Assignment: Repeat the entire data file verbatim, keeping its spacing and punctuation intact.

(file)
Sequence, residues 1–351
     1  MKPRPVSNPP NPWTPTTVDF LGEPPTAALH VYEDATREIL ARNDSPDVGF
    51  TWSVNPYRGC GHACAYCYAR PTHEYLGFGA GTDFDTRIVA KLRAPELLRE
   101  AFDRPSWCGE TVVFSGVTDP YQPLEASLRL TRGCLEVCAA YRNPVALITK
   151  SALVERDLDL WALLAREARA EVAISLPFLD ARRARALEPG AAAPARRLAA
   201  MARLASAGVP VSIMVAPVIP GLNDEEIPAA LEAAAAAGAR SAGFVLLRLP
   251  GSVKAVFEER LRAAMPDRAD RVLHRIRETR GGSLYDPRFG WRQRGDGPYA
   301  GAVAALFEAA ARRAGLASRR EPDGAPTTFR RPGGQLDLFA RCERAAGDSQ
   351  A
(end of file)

Sequence, residues 1–351
     1  MKPRPVSNPP NPWTPTTVDF LGEPPTAALH VYEDATREIL ARNDSPDVGF
    51  TWSVNPYRGC GHACAYCYAR PTHEYLGFGA GTDFDTRIVA KLRAPELLRE
   101  AFDRPSWCGE TVVFSGVTDP YQPLEASLRL TRGCLEVCAA YRNPVALITK
   151  SALVERDLDL WALLAREARA EVAISLPFLD ARRARALEPG AAAPARRLAA
   201  MARLASAGVP VSIMVAPVIP GLNDEEIPAA LEAAAAAGAR SAGFVLLRLP
   251  GSVKAVFEER LRAAMPDRAD RVLHRIRETR GGSLYDPRFG WRQRGDGPYA
   301  GAVAALFEAA ARRAGLASRR EPDGAPTTFR RPGGQLDLFA RCERAAGDSQ
   351  A